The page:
Right, it’s Monday evening and the countdown is on in earnest ahead of our Round 1 qualifier clash with Monaghan. The game takes place this coming Saturday at MacHale Park, where throw-in is 4pm. Barry Cassidy of Derry is the ref and the match is being broadcast live on Sky Sports.
It’s just under four months since we last played the Farney County. That was in Round 2 of this year’s League when we went up to Clones and came away from there with an unexpected but hugely gratifying 2-10 to 0-11 win.
That victory at St Tiernach’s Park was fashioned in large part from the two goals we got, one in each half. Man of the Match Ryan O’Donoghue (who posted 1-6 that afternoon) and Jason Doherty were the players to find the net for us in that game. With the former a major doubt for Saturday while the latter is still feeling the after-effects of the long lay-off, it’s easy to see why there’s a fair bit of trepidation among our supporters about Saturday. And that’s before we start talking about all our other injury concerns.
But let’s talk instead about Monaghan. Ahead of the League meeting in February I did a piece looking at how they’d been getting on over the previous twelve months so there’s no need to rehash all that again. The piece in question is here.
Of greater interest is what they’ve been up to since. No more than us, it’s been a bit up and down.
After our meeting, they drew away against Armagh, lost by eight at home to Kerry, beat Donegal by two in Ballybofey (inflicting a first League defeat in over a decade on Donegal at the venue) and then lost by nine away to Kildare. This meant they came into their Round 7 meeting with Dublin at Clones needing a win to stay up, while knowing that such a result would also relegate Dessie Farrell’s team.
On the podcast last week, Malachy Clerkin pointed to his native county’s Houdini-like success in avoiding relegation from Division One in recent years. In each of the last three seasons, they’ve entered injury time in their final League game in the ejector seat but every time they’ve managed to wriggle to safety.
They did it again, of course, this year. A 45-metre free from Jack McCarron deep in stoppage time earned the Farneymen a one-point win over the Dubs, ending the Metropolitans’ 13-year stay in the top tier in the process while keeping Monaghan up.
But, as Malachy also said on the pod – to what end? Monaghan are now the second longest serving county in Division One but they’ve had little or nothing to show for this when push has come to shove in the Championship in recent years.
Last year they can count themselves a bit unlucky, losing by the minimum margin in a knockout Ulster final to eventual All-Ireland champions Tyrone. This year luck played no part in how they fared out within the province, where their run ended at the semi-final stage.
They whipped a wretched Down by ten points in the quarter-final in late April before taking on Derry, shock winners over Tyrone in the quarters, for a place in the Anglo-Celt Cup decider.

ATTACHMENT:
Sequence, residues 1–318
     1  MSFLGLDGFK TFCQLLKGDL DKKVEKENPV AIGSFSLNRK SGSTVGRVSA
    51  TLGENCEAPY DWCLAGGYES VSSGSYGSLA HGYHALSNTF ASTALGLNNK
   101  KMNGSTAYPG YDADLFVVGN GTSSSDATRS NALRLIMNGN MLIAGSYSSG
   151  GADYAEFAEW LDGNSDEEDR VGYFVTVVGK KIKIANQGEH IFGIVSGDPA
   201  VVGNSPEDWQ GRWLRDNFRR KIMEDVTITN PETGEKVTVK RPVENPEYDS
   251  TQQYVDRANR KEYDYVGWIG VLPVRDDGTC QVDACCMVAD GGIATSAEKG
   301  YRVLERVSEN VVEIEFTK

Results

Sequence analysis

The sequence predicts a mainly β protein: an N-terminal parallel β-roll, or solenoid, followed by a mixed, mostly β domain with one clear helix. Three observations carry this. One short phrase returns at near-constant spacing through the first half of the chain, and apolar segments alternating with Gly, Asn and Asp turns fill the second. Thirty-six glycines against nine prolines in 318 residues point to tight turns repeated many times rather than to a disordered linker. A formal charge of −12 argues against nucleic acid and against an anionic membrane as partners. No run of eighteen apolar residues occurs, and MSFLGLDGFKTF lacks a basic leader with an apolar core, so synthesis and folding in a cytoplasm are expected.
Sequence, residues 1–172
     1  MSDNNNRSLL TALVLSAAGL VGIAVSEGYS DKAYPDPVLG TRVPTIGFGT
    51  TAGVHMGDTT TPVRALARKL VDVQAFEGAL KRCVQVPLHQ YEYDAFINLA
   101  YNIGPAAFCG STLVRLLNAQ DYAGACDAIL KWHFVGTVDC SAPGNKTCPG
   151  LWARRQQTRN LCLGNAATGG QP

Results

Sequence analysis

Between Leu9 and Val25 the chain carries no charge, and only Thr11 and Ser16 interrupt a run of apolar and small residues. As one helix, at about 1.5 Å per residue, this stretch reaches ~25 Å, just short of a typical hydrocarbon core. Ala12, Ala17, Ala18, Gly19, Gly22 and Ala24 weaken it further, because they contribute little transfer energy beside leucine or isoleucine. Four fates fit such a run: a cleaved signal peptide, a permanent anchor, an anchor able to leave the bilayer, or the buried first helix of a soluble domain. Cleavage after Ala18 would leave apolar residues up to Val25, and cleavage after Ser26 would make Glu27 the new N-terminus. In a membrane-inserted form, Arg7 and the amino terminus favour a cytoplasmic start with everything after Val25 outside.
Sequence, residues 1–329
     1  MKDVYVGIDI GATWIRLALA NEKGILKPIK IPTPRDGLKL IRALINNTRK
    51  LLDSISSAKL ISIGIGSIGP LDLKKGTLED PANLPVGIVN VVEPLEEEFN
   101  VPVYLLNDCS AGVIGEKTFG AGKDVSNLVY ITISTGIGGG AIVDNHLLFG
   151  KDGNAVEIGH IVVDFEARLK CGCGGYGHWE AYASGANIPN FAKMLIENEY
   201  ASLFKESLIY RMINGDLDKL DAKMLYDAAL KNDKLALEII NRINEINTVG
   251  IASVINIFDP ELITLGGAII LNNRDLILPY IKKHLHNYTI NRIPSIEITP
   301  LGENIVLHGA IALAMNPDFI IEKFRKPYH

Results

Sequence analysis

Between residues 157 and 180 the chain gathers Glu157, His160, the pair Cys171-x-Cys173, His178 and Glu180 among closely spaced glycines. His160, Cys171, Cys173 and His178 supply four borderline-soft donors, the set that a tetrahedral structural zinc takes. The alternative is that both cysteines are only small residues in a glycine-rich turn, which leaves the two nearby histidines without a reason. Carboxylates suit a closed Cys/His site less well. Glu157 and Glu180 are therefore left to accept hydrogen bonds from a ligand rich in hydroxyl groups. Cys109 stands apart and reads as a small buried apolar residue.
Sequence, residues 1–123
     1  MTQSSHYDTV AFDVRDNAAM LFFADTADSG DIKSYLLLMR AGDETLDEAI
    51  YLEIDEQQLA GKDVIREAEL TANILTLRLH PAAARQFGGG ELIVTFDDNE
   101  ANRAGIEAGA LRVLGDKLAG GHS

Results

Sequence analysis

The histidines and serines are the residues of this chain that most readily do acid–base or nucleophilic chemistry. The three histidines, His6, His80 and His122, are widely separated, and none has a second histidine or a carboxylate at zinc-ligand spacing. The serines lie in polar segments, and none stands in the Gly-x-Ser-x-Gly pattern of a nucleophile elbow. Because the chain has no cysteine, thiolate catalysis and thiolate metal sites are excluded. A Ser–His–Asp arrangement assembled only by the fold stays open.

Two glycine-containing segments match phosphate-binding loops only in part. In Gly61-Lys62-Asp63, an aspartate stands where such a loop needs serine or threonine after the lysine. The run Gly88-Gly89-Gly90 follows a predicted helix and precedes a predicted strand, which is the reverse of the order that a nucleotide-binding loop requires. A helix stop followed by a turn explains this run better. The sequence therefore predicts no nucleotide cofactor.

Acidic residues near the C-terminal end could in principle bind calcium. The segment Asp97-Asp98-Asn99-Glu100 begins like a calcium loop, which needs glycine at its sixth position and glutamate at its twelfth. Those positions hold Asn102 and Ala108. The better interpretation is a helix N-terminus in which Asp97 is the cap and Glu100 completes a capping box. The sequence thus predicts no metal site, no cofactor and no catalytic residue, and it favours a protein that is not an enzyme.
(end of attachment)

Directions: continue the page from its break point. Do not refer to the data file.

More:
That semi-final at the Athletic Grounds proved the goals-win-games adage, with Derry bagging three of them to emerge with a 3-12 to 0-17 win. This wasn’t the same kind of paddling that the Oakleafers had handed out to the hapless O’Neill County in the previous round but it was, in Ulster terms, a decisive enough win for Rory Gallagher’s charges.
It was a result that has sent Monaghan in our direction, for a first ever Championship meeting between our two counties. It’s also a rare outing for Monaghan away to a Connacht county in the qualifiers.
Looking back at how they’ve fared out in back door campaigns in recent years, their record is anaemic enough. Since their most recent provincial success in 2015, they’ve lost out at home to Longford in Round 2 in 2016, beat Wexford and Carlow (both away) and Down to reach the quarters in 2017 (where they were well beaten by Dublin), beat Waterford, Leitrim and Laois (all away) to reach the Super-8s in 2018 and beat Fermanagh at home in Round 1 before losing at home in Round 2 to Armagh in 2019.
It’s not exactly stellar stuff, is it? I searched back over the years for any qualifier win away from home of any real note and the only one I came across was a one-point victory over Donegal in Ballybofey back as far as 2008.
The Super-8 campaign of 2018 did, however, see them travel to Pearse Stadium and give Galway a good thumping. That’s clearly of more relevance than the win over Donegal ten years previously but it wasn’t a qualifier match and the reality is that Monaghan have no recent track record of beating opposition like us away from home in a back door clash.
It doesn’t help their cause either that, despite our extremely poor home record, we’ve yet to lose a qualifier match at MacHale Park. If it wasn’t for our long injury list, you’d really have to fancy us strongly to win this one.
But the injury list is a factor, afflicting as it does so many of our most important players. So too is the prospect of taking on, in the narrow confines of MacHale Park, a team that’s well adept at defending in numbers and breaking fast upfield.
We’re still favourites to win but this one could be very close and it could go either way. I’m finding it hard to plump for a winner in it – what about yourselves? Let’s end with a poll on that.
Will we beat Monaghan?
- Yes (60%, 535 Votes)
- No (40%, 358 Votes)
Total Voters: 893